were usually accompanied by an increase of positive electricity; this observation is of interest, because it accords with the fact that the approach of snow-storms and the presence of simple fog do not cause the exacerbations of rheumatic and neuralgic pains that are experienced on the approach of storms of rain, or thunder and lightning.
Ozone-History.—From the earliest recorded ages a peculiar odor has been observed during thunder-storms and other electrical disturbances, and especially in connection with flashes of lightning. The peculiar odor of thunder-bolts has been referred to by Homer, both in the "Iliad" and the "Odyssey." Jupiter is said to strike a ship with a thunder-bolt, "ὲν δὲ νέειον πὰῆτο" full of sulphurous odor, and to hurl a bolt into the ground "with the flame of burning sulphur." This peculiar sulphurous odor has been observed not only during thunder-storms, but also, it is said, during displays of northern and southern auroræ.
So long ago as 1785, Van Marum, of Holland, observed that electric sparks passed through oxygen gas (that had been discovered by Priestley only eleven years before) gave rise to a peculiar sulphurous or electrical odor; and, at the beginning of the present century, Cavallo, a prominent name in the history of electricity, called attention to the fact that this "electrified air," as it was termed, had an antiseptic effect on decomposing matter, and was a salutary application for fetid ulcers. In 1826 Dr. John Davy, in a measure anticipating Schönbein, recognized this peculiarity of the atmosphere, and devised tests for detecting it.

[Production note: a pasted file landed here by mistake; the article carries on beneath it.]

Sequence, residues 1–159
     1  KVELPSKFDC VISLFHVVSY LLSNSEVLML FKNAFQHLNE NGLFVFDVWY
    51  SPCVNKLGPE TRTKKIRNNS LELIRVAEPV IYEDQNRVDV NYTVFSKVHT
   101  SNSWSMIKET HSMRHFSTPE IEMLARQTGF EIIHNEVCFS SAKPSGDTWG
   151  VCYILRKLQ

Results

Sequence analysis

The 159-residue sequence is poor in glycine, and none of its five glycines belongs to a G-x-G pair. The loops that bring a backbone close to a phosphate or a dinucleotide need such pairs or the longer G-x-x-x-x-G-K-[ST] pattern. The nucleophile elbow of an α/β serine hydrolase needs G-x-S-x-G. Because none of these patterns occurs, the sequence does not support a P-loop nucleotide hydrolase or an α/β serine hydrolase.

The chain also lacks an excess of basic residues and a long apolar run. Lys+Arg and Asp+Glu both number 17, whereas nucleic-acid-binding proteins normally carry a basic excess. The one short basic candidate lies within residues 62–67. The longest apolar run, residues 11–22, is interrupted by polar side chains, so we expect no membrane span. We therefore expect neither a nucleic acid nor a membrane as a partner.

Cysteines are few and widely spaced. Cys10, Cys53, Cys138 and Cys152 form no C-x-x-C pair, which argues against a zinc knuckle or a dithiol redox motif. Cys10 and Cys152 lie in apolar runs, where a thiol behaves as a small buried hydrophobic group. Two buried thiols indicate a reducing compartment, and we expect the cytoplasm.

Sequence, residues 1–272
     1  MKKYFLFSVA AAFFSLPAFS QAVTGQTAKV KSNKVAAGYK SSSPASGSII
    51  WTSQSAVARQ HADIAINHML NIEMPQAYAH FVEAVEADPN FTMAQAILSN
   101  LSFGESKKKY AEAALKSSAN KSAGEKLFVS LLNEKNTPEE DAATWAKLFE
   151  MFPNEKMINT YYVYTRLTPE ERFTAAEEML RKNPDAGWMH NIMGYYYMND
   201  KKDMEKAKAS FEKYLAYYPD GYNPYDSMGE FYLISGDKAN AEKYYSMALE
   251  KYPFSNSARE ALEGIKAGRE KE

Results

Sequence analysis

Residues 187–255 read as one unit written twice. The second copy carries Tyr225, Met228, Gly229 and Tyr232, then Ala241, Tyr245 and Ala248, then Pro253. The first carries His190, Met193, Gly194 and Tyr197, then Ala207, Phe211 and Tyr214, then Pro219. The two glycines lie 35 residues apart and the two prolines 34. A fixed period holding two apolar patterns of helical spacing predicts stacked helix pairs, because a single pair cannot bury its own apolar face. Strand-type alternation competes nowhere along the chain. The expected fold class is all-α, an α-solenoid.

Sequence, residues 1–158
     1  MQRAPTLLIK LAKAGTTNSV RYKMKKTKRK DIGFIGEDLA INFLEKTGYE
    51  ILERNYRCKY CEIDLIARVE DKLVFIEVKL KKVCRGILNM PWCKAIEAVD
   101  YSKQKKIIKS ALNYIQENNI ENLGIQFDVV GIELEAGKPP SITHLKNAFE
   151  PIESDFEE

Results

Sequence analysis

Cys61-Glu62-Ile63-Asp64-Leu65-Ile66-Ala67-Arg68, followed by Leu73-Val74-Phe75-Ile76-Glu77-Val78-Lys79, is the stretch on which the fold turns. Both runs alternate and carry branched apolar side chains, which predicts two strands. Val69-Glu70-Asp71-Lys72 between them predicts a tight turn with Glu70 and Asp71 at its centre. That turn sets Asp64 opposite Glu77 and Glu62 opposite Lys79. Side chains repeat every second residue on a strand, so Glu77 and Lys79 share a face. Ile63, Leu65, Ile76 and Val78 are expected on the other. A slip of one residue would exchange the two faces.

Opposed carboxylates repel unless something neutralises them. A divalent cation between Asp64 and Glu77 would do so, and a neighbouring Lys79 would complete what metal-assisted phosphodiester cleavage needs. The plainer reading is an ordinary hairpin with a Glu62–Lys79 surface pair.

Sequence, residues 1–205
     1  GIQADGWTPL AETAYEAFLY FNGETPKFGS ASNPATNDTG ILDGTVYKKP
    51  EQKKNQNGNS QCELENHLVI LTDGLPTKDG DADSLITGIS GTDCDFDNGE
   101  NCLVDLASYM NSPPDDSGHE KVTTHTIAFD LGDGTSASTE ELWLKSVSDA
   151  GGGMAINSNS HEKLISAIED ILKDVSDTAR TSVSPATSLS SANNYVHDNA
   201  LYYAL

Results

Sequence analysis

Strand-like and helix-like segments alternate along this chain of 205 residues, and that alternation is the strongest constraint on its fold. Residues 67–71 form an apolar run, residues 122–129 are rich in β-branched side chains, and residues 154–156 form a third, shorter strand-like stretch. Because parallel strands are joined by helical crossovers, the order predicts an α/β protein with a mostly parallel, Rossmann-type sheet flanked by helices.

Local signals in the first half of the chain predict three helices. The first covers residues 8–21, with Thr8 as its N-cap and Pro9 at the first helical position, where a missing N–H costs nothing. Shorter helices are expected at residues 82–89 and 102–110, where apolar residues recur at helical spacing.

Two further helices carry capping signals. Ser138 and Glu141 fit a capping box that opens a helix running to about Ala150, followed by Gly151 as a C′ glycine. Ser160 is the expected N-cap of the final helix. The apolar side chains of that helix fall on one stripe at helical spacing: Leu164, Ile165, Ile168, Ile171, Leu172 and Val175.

The real scientific history of ozone dates from 1839, when Prof. Schönbein, of Basle, the renowned inventor of gun-cotton, observed that the electrolytic decomposition of water was attended by a peculiar odor resembling that evolved during the working of a fractional electric machine. In 1840 Schönbein called the attention of the scientific world to the newly-discovered substance, to which he gave the name of ozone, from the Greek ὅἕω, to emit an odor. He showed that this odor appeared at the positive pole during the electrolysis of water. He furthermore pointed out that ozone may be produced by the slow oxidation of phosphorus in moist air or oxygen, and that the odor was similar to that which is observed during flashes of lightning. Schönbein studied hard on the subject for many years, and arrived at the conclusion that oxygen is capable of division into a negatively polar state, ozone, and a positively polar state, which he called antozone. During the past quarter of a century the subject of ozone has been studied by some of the most eminent scientists of the age, among whom we may mention the names of Berzelius, De la Rive, Marignac, Becquerel, Faraday, Fremy, Meissner, Houzeau, Scoutteten, Odling, Andrews, Tait, Fox, Fischer, Boeckel, Zeuger, Moffat, Nasse, Engler, Erdmann, Angus Smith, Poey, A. Mitchell, Soret, Baumert, Williamson, and very many others.